Edelman Trust Barometer

Work commitments meant that I didn’t have time to blog about attending yesterday’s launch of the Edelman Trust Barometer. I feel slightly shamed as other bloggers who attended have already commented, such as David Brain, Ian Delaney, Iain Dale and Hugh McLeod.

As have some who didn’t (and they all appear to be called Simon) – Simon Dickson, Simon Collister, Simon Wakeman – except for Shel Holtz.

There was some very interesting and useful findings, some of which I mentioned to Richard Edelman and David Brain, I would be sharing this evening with a new client.

Personally I’m doing some serious thinking around the fact that technology companies score number one for trust in every single market and that trust in government has dropped (in the UK from 33 per cent to 16 per cent). As someone who does technology PR, as well as public sector and political PR, I’d like to be able to learn something from this. Not sure yet what it is, although I do have some ideas.

Iain Dale made pertinent observations that chime with my own thinking and highlight the fact that some of the changes in politics we need to see are not so much about right/left and policy, but more to do with the way we relate to and interact with people.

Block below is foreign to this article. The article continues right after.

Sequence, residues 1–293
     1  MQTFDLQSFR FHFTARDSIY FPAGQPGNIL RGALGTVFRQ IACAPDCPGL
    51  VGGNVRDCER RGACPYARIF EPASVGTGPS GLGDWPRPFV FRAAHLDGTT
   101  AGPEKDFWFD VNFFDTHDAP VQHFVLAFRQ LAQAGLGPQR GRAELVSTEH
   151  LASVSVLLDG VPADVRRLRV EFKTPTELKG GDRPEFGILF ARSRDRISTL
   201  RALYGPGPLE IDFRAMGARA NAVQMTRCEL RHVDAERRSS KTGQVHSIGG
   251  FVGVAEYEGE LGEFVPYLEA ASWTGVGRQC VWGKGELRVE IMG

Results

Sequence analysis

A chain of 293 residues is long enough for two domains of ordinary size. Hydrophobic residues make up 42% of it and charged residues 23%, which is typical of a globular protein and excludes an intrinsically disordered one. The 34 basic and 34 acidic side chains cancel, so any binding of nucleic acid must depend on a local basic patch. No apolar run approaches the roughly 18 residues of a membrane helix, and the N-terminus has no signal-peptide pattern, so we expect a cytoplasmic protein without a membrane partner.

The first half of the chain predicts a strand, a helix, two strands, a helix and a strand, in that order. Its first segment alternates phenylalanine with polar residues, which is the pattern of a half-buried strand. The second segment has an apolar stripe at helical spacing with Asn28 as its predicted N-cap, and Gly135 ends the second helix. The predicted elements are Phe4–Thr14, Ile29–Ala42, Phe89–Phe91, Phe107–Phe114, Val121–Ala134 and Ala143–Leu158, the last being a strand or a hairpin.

Iain made the point that you trust people you know. If you’re involved in politics, for whatever party, you’ll know that most people usually have a very high regard for politicians they know, but a very low opinion of politicians as a group. The challenge is how to get politicians to know more people, and that’s one of things social media can help with. In a perfect world you’d visit everyone in their own homes, but in reality the sheer numbers involved mean that even a local councillor physically can’t do this.

Edelman has provided a social media news release and traditional news release with details of the key findings.

I’ll try to blog more about the findings, but now I’ve got to work on tonight’s meeting.

 


About Stuart Bruce

International communications consultant and PR trainer specialising in online public affairs, digital corporate communications, online PR and social media; frequent national media commentator and conference speaker.
  • http://simoncollister.typepad.com Simon Collister

    Jeff jarvis made a good point a while back which I always bang on about. He highlighted that the internet disintemediates political views as well as the media and everyhting else. It fractures traditional and very rigid political views and allows people to aggregate the views and other peoples' views that they like.

    Not sure how this will affect current political practices though!